Page 16 - The Hoot April, 2013

16
| The Hoot
April 2013
Seven William Woods biology students
spent their spring break studying in Costa
Rica. They wrote blogs and journals on their
adventures and findings.
By Haley Hinze
with excerpts from WWUCostaRica2013.WordPress.com
Students often spend weeks, even months, planning their
spring break trips. Seven William Woods students did the
same amount of planning, but not for a beach vacation.
Kelly Abernathy, Katey Bilsky, Cat Fuhs, Alora Haney,
Allyson Hawkins, Julia Peairs, Stephanie Walker and
William Woods professor Robin Hirsch- Jacobson spent their
week in Costa Rica, studying various fields of biology in the
middle of the action. Their endeavors were recorded (when
there was Internet access) in a series of blog entries:
March 9:
We had an early start, meeting at 1:45 a.m. Friday
morning. After a smooth travel day and plenty of naps on
the plane everybody was excited to arrive in San Jose, Costa
Rica.”
There were a couple hours to explore the property at Hotel
Aeropuerto where we had the opportunity to enjoy some
tropical flora and climate. Everyone was excited to see the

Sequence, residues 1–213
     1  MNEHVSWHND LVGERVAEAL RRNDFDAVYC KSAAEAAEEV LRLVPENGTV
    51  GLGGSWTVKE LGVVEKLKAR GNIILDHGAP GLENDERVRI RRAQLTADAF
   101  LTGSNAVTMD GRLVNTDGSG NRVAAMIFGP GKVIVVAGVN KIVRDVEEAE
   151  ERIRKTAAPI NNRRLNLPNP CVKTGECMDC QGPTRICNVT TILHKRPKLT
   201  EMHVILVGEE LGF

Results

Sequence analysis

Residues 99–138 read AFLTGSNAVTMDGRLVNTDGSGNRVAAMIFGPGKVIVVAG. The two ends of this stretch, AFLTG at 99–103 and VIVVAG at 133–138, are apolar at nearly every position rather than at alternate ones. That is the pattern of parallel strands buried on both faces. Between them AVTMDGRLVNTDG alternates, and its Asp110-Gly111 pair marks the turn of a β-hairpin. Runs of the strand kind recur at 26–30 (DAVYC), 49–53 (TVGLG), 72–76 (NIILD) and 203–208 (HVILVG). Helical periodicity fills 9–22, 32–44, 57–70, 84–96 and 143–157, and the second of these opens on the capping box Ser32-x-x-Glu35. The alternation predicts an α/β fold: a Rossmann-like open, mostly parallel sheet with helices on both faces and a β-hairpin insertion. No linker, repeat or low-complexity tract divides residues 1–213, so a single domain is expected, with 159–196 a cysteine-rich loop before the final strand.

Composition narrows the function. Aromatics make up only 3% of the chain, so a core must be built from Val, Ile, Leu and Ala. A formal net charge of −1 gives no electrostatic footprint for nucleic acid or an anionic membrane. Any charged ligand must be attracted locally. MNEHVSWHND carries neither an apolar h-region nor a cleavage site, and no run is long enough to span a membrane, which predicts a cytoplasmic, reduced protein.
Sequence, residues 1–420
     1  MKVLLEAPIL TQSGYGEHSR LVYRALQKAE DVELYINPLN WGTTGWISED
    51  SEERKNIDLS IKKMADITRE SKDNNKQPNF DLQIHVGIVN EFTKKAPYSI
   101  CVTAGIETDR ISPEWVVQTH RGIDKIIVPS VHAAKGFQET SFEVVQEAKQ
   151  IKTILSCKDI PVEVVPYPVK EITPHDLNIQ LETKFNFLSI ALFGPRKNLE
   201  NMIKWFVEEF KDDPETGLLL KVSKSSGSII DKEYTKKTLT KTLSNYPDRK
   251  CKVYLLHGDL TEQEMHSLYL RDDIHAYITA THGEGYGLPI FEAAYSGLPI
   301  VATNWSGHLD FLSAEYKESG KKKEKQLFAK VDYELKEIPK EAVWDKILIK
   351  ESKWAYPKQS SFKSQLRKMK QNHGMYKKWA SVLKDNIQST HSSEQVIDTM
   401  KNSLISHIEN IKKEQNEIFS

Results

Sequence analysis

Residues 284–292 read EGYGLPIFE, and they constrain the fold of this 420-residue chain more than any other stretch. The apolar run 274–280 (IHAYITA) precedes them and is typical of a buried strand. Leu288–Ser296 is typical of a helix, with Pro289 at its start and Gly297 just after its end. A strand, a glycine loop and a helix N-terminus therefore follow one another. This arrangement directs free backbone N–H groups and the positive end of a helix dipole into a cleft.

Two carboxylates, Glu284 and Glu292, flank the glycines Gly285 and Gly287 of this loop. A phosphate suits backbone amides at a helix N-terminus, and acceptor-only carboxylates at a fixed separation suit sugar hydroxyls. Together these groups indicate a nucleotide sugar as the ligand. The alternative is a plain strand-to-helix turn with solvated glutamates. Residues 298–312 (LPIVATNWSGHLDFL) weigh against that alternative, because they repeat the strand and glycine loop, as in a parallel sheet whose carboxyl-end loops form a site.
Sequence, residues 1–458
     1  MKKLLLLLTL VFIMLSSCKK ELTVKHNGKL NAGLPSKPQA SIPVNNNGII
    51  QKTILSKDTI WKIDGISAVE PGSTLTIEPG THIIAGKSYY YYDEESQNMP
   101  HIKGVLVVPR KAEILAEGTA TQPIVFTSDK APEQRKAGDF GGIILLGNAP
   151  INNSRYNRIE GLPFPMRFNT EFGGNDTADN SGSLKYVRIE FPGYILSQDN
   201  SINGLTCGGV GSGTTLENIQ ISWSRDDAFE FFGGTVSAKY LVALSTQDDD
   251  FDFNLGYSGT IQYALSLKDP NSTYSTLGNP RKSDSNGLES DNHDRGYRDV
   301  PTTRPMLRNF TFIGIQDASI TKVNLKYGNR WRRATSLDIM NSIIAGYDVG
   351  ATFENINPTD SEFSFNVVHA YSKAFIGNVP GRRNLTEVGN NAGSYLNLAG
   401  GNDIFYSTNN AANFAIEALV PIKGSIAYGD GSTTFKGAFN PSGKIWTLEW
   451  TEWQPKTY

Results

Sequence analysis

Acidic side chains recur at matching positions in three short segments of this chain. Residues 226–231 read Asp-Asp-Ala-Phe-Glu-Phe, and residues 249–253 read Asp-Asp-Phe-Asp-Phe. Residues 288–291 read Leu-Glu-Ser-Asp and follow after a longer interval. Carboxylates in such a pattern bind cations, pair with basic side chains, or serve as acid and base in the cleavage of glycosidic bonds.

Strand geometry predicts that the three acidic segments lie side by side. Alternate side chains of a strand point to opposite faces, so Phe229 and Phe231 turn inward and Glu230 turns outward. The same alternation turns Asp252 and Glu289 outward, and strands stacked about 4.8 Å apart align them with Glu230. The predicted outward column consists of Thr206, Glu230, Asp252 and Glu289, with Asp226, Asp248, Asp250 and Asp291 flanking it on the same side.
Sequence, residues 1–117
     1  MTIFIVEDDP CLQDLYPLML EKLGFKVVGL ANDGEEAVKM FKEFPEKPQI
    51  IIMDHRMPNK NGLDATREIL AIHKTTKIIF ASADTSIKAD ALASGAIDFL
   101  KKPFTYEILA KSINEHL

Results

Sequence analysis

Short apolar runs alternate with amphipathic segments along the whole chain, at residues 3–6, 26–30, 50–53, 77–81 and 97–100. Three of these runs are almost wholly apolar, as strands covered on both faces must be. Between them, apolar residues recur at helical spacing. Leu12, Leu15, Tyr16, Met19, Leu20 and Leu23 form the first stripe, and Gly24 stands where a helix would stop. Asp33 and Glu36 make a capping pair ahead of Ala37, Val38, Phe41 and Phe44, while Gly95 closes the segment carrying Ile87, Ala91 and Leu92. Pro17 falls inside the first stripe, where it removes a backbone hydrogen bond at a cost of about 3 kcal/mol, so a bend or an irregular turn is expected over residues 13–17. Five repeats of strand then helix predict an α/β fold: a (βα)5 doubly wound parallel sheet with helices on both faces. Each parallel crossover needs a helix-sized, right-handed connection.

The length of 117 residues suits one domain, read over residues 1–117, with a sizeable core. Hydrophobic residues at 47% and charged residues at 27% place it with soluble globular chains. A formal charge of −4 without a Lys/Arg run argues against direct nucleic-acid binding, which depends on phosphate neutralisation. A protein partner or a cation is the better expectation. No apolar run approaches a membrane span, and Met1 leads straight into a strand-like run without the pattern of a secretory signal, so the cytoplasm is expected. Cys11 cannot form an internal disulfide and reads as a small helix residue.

buttressed roots.”
Today we are making a stop at Braulio Carrillo before
continuing on to El Zota. Hopefully the internet will work
there so we can post additional updates. We are all happy,
safe, and excited for the rest of the trip!”
March 12:
So much has happened in the past few days. We
heard four different owls on our owl walk, and two potoos.
We even saw a Black and White owl swoop down and
capture an insect flying around a light at the station. We’ve
seen all three monkey species around the station (Mantled
Howlers, White-faced Capuchins, and Geoffroy’s Spider
monkeys), which has been awesome (aside from the 5 a.m.
wake-up call of the howler monkeys).
Today, we split off into smaller groups and went out to
different trails around the station to collect data for our
individual taxonomic groups. We have all been very lucky
to find a variety of species, including a hog-nosed pit viper,
chestnut-mandibled and keel-billed toucans, and white tent
bats (we discovered them the first day, and this group has
continued to return to their same leaf tent; they will use this
leaf to roost until it dies in a couple days).”
We just returned from a night hike through the forest, and
were fortunate enough to startle a tapir that was foraging
close to the trail! Somehow, we managed to sneak up on it,
but as soon as it caught our scent, it went crashing off loudly
though the forest so fast we weren’t able to catch a glimpse,
but Israel, our guide, told us we were lucky to even get that
close. We also saw a red-eyed tree frog and another type of
tree frog that is very rare to see.”